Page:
Excuse me? Who is the EPA supposed to be protecting? Citizens need to support the Obama Administration as it attempts to rewrite chemical regulations. We saw what happened with the health care bill. The public option seemed like a good idea to many members of Congress until insurance companies had their say behind closed doors, and it got dropped faster than Joe Lieberman’s integrity.
Do we really want a secret chemical in household dust, a chemical similar to one banned last year from children’s products because of linkage to reproductive problems and health effects? Look what you missed, look what we all missed.
In Food Inc., Monsanto bullies a holdout, who has saved his own soybean seeds, suing the brave farmer until he caves, bankrupt. Why was he unable to prove his innocence? Neighbors had planted the "legal" seeds and they contaminated his organic crops. Food & Water Watch is conducting a campaign to stop genetically engineered, ie. modified, alfalfa seed. You can join the movement to save organic seed here. At risk? Organic milk.
I believe the time to overturn the power of lobbyists and corporations has come. Enough already. Here in Massachusetts, the Republican candidate has pulled ahead of Martha Coakley in the polls. He is now poised to grab Ted Kennedy's Senate seat and offer up the 41st vote, defeating health care. Who do you think is responsible for this situation? Mr. Brown has not come from behind by himself.
We must demand clean air and water, safe food, control of toxic substances, integrity in our politicians. None of us have the means to stand up to giants like Monsanto. That’s what unions are for. Where does one sign up?
Posted by Alexandra Grabbe at 6:54 AM
Thursday, January 14, 2010
It was treacherous walking through the National Seashore to Long Pond, above, and Dyer Pond yesterday. Icy paths, snowdrifts …
ME: I can’t remember a year when snow on the ground has lasted this long. (The woods are lovely, dark and deep. Impossible to gaze off into the distance and not have Robert Frost pop into one’s head. It’s cold. My feet are cold. Not a Nordic type like you, I forgot to wear wool socks and now must suffer the consequences. After sending a contribution to Haiti through the Red Cross, it feels good to turn off the television and get outside. What a difference a day makes. The Prime Minister of Haiti estimates losses at over 100,000. Mother Nature can bring disaster, too. I’m taking such long strides, longer than usual.) How fortunate we are to live in a place not subject to earthquakes! (It feels good to walk. Past the puddle where a green frog hangs out in summer. No frog today. Just a frozen puddle. Dyer Pond is white, not blue, covered with an inch of fresh snow. Not as lovely as usual, just stark beauty and extreme silence, so different from the chaos in Port-au-Prince.) Let’s take the quicker way back, past Long Pond. (A paved road to revive my toes, numb by now.)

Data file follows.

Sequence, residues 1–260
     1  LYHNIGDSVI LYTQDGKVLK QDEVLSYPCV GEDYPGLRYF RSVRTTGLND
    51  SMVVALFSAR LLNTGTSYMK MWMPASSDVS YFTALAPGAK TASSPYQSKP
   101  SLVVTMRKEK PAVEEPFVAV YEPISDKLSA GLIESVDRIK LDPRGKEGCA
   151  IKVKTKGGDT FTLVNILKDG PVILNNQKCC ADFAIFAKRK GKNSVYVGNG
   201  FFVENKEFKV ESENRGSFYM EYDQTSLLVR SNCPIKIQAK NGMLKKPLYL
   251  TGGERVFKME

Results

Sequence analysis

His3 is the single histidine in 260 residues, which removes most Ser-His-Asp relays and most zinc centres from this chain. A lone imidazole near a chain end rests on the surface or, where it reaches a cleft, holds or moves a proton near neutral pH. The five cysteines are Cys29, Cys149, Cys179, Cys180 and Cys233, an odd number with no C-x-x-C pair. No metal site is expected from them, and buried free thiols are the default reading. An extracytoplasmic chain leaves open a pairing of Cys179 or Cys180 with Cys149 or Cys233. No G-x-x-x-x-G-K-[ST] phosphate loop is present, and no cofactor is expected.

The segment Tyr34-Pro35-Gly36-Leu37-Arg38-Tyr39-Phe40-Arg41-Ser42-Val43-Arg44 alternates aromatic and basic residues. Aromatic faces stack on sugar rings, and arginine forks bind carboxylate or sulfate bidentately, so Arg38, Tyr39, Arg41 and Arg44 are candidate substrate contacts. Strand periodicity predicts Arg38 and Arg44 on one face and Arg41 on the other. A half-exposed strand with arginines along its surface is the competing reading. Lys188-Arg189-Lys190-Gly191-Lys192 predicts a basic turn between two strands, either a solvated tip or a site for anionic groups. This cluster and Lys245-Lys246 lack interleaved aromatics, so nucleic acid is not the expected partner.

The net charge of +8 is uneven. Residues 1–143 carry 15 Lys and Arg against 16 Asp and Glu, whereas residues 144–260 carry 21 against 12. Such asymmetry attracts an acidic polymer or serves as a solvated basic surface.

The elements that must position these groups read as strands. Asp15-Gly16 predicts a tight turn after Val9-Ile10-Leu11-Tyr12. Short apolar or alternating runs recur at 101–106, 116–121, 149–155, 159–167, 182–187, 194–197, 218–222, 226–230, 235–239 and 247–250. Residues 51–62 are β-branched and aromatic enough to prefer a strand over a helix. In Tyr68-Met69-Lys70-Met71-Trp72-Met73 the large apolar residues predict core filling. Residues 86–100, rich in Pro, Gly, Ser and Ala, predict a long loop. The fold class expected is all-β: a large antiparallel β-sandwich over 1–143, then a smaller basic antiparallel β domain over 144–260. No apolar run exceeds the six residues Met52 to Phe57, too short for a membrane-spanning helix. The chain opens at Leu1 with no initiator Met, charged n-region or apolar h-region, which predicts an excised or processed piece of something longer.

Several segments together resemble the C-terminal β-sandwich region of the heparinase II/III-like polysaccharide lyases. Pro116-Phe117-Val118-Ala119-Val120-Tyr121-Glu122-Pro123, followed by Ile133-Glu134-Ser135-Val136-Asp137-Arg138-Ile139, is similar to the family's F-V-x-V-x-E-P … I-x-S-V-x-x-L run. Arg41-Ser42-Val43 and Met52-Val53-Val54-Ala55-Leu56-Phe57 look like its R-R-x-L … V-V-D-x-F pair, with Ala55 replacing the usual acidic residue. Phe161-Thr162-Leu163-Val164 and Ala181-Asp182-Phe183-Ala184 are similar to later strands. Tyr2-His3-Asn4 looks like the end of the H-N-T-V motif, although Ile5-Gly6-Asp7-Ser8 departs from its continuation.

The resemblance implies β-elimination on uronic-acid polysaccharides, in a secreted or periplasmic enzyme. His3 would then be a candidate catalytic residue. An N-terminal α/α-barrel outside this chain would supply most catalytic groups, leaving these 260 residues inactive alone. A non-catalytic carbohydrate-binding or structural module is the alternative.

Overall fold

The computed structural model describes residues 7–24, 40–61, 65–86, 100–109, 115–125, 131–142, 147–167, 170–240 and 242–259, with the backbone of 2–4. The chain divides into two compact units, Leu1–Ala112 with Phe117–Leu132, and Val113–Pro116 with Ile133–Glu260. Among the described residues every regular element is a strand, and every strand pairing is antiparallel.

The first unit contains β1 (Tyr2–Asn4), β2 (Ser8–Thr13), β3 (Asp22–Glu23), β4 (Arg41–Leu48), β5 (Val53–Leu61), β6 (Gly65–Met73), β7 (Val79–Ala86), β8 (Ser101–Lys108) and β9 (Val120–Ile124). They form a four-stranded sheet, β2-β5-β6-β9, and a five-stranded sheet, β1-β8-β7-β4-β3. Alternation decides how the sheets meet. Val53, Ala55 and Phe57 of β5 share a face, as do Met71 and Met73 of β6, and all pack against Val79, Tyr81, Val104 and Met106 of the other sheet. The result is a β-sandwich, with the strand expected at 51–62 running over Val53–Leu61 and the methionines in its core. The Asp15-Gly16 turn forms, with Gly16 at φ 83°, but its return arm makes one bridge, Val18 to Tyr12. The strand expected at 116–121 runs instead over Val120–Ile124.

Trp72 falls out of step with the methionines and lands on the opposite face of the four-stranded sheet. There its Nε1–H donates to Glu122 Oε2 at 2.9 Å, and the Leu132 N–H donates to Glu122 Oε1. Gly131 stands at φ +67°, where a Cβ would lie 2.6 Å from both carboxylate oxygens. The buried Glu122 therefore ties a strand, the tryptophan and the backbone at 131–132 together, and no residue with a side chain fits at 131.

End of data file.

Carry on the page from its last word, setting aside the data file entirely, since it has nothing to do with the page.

ME: My feet are cold!
SVEN: Okay by me.
ME: Wellfleet has a connection to Haiti, did you know? That international music group, students who went down with Lisa Brown? (I hope no one from Wellfleet was present during the earthquake!) How about a little history lesson on Haiti?
SVEN: It used to be a French colony. The slave Toussaint L’Ouverture led a revolt.
ME: Wild name! (How beautiful these woods are!)
SVEN: Papa Doc became the dictator in the early 1950s. Then there was Baby Doc. They pronounce it “Ha-i-te.”
ME: (If only our summer guests could see Wellfleet in winter!) Why was it called Haiti?
SVEN: Not sure. We’ll have to Google it when we get home. You know, the Caribbean colonies made men rich.
ME: Because of the sugar cane, right? (Also white, like snow. Sugar, honey, honey. You are my candy girl …. What silliness we retain as teenagers!) How different Long Pond looks in the snow.
SVEN: Port-au-Prince was a buccaneer town. Foreigners made fortunes there.
ME: (The only fortune anyone made in Wellfleet was bananas. Unusual foodstuff + eager consumers = $$$)
SVEN: Remember that exhibit on the slave trade we saw in France?
ME: I do. Look! People skating. Think it’s safe to walk on? (Wonder why there have been so few reservations for summer? When is this recession going to end?)